Culture Trumps Scientific Fact

‘Race’ in US American Language

in Social Analysis
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  • 1 Texas State University aa21@txstate.edu
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Abstract

Once described as humankind’s most dangerous myth, ‘race’ remains a most contentious concept: it is defined one way but used in another. This article examines the use of the term ‘race’ in the utterances of American opinion leaders (scholars and the judiciary, executive, and media) and employs it to explore the dissonance between substantiated knowledge and cultural impositions and the manner in which customary norms outperform scientific facts in everyday interactions. Arguing that the use of the word ‘race’ by opinion leaders furthers its socio-culturally assumed connotations and excites associated emotions and worldviews, the article asks if the change in behavior expected from learning ever occurs in social matters and what the responsibilities of (American) elites are in providing purposeful leadership toward a just and fair society.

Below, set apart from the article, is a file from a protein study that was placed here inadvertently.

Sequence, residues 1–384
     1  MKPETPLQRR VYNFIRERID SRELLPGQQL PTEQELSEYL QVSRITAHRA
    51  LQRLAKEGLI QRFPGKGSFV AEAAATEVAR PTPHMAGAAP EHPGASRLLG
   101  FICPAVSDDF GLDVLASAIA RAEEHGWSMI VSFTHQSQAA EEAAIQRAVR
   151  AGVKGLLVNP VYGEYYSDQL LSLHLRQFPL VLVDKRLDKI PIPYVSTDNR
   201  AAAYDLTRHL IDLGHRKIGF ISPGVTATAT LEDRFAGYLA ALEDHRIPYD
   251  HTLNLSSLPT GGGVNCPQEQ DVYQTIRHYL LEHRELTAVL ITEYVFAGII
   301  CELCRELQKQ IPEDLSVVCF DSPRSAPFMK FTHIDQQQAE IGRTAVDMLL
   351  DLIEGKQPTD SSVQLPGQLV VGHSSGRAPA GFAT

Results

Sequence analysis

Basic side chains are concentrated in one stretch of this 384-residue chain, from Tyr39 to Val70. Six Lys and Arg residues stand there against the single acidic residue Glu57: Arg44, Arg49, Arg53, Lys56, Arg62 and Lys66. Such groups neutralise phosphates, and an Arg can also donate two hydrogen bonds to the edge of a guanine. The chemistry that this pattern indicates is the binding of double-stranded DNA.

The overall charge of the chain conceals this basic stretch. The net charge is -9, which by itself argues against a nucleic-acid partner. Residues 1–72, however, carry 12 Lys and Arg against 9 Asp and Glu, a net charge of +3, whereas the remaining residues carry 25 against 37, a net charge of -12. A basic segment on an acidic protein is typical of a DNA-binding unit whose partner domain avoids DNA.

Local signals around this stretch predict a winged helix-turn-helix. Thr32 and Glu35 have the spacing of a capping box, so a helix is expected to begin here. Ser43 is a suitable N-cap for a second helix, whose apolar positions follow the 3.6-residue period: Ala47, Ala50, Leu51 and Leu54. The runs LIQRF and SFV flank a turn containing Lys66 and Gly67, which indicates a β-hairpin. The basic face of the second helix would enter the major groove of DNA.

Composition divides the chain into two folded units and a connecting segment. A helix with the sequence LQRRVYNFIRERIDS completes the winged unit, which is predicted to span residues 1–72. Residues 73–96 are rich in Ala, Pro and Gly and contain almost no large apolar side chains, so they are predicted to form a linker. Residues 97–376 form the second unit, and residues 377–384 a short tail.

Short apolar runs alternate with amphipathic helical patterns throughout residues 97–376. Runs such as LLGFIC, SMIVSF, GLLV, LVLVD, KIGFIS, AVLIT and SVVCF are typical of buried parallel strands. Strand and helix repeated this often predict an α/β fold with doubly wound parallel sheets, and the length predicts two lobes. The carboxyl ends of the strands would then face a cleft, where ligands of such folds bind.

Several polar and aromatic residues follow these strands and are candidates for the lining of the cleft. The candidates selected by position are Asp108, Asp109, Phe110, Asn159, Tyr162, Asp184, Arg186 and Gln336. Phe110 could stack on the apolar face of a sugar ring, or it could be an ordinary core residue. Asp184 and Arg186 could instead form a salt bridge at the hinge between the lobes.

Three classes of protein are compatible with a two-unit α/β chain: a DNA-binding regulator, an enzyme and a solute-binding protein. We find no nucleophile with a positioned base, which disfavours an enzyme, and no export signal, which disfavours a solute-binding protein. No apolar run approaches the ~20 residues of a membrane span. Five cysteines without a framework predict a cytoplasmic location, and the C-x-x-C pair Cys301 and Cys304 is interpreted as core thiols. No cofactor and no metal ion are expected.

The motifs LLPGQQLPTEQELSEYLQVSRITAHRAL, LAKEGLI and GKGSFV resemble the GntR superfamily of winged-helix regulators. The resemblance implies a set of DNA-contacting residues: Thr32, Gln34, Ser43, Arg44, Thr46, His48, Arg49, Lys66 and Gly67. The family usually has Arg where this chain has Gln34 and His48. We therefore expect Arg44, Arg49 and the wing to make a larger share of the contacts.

Contributor Notes

Augustine Agwuele is an Associate Professor in the Department of Anthropology, Texas State University. An interdisciplinary scholar, he integrates conceptual rigors of theoretical linguistics with ethnographically grounded scholarship in socio-cultural analyses to address common and habitual practices, such as the variabilities associated with the production of speech segments and the cultural constancies that evolve different responses to life’s persistent concerns. He is the editor of Development, Modernism and Modernity in Africa (2013) and Body Talk and Cultural Identity in the African World (2015) and co-editor, with Toyin Falola, of Africans and the Politics of Popular Culture (2009).

Social Analysis

The International Journal of Anthropology

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